The downside of this model is that agents often don’t get a deeper understanding of a customer’s problems as they end up escalating complex queries. This results in them (potentially) developing a shallower skill set.
- Shared model: In a shared model, agents are expected to work on the channels that require most attention and then switch over to other channels as they become busier. For example, a shared agent might start their day working on email support, but then switch over to serving chats as more start coming in.
The advantage of this model is that agents maximize their time and are always solving customer queries. However, an agent would have to be highly trained to be able to effectively switch between multiple channels with little notice.
Real-time channel management and monitoring
Escalation paths and channel assignment plans can go out the window during periods of high volume, like Black Friday sales. To ensure your customer service levels aren’t dipping, it’s important to have a manager who is always looking at your support metrics. Using Monitor, a support manager gets an overview of the size of the incoming chat queue, average wait time, overall agent chat load, and CSAT scores.
Using this dashboard, the support manager can make quick decisions to ensure customers keep receiving the same quality of support they are used to. For example, if the support manager notices that the chat queue is growing and wait times are increasing, they can pull an agent from another channel and ask them to start serving customers on chat.
Zendesk Chat's native features
Chat offers a number of features that make it easier to manage your chats:
- Shortcuts or “canned responses” can be used to create greetings, queries in different languages, responses to frequently asked questions, and links to the help center. Shortcuts helps agents reply to questions much faster and helps you maintain brand consistency.
- Departments are useful to segment agents on the basis of location (country), product, brand, business unit (billing, support), or even skill level. This ensures that the agent with the most knowledge is dealing with a particular query.
- Triggers are a great way to proactively engage customers and increase conversions. Triggers let you automatically create actions based on certain criteria. For example, you can create a trigger to assist visitors who get stuck on a particular page of your website.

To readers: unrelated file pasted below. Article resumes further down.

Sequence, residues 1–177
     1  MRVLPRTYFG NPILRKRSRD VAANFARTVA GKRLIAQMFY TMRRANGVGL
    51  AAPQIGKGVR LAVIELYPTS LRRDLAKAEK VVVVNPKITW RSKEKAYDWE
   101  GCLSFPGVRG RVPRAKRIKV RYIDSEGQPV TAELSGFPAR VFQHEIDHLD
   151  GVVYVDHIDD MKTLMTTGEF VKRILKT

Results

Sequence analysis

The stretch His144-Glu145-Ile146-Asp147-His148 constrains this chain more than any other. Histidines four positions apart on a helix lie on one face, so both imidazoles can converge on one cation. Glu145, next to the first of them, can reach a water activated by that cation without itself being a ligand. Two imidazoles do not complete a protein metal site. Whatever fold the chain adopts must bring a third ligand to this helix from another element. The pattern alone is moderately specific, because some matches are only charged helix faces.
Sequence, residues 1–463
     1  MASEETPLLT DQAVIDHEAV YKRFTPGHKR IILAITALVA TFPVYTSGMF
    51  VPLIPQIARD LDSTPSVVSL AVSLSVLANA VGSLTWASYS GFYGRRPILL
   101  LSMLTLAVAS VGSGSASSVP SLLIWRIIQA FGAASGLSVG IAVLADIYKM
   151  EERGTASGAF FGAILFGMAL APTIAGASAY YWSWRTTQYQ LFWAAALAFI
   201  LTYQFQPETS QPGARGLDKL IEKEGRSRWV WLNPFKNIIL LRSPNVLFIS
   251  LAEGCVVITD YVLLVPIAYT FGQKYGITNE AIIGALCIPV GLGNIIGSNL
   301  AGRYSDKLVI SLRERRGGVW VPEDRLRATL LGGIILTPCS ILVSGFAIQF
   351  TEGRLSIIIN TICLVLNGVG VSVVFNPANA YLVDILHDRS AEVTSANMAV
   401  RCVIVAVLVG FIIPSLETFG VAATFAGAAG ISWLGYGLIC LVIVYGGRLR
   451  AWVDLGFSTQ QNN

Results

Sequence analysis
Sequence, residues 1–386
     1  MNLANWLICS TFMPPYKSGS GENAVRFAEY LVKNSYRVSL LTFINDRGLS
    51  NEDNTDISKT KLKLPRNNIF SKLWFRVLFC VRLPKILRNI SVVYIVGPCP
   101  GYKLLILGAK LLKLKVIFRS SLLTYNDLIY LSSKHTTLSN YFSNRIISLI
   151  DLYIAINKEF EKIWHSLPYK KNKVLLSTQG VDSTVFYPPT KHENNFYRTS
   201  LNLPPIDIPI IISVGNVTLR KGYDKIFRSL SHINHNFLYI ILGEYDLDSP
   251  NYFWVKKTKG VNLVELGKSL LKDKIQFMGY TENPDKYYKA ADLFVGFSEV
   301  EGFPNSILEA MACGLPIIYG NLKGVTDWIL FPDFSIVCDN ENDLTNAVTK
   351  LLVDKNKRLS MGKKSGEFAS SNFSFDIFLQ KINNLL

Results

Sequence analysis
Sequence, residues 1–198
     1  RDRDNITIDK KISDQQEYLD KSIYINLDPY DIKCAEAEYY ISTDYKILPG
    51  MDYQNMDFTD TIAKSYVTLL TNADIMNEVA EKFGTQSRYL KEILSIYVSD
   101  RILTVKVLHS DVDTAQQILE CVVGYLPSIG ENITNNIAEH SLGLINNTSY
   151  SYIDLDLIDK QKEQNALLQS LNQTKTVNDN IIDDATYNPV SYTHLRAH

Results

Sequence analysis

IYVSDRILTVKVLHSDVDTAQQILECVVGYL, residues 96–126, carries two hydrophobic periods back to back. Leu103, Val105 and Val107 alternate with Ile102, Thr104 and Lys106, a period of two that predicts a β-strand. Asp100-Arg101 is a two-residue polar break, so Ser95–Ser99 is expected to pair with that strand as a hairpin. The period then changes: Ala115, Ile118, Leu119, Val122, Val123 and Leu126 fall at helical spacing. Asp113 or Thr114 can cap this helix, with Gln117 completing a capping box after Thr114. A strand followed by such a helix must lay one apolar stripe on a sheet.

- Chat rating lets customers leave a positive or negative rating during a chat. This lets you measure CSAT and agent performance.
- Analytics gives you a bird’s eye view of your chat and agent activity. You can use it to track the chats you have with customers and increase the efficiency of your team.
- Chat Routing automatically assigns incoming chats to active agents. This ensures your customers receive prompt support, your agents don’t get overloaded and your team managers can manage volume.
- Monitor offers managers an easily digestible overview of chat, agent, and CSAT metrics. This allows you to make short-term workforce management decisions by providing actionable data on chat volume, visitor experience, and agent performance.
- The High Load Dashboard is useful for organizations with thousands of concurrent visitors. It will only show incoming chats and currently served visitors. All other visitors remain hidden.
- The REST API can be used to export chat, agent, and visitor data into third party apps. You can use this data to build your own reporting and monitoring tools.
- Conversion tracking helps you measure your business goals, like conversion rate, and determine how many conversions can be attributed to chat.
As you fine-tune your work flow, keep the following in mind:
- Which channels do you offer (or plan on offering) support for?
- What feedback have customers given about your support offering?
- What is your support budget? How many channels can you effectively staff?
- What kind of experience do you want to offer customers?
- Do you want to give customers the option of choosing the support channel they want to use? Or would you like to provide chat first and only offer phone support for escalations?
- Who’s going to provide chat support? Is there a dedicated chat team or will your existing email team do both email and chat support?
- How experienced are your agents and support managers? Can they manage more than one channel?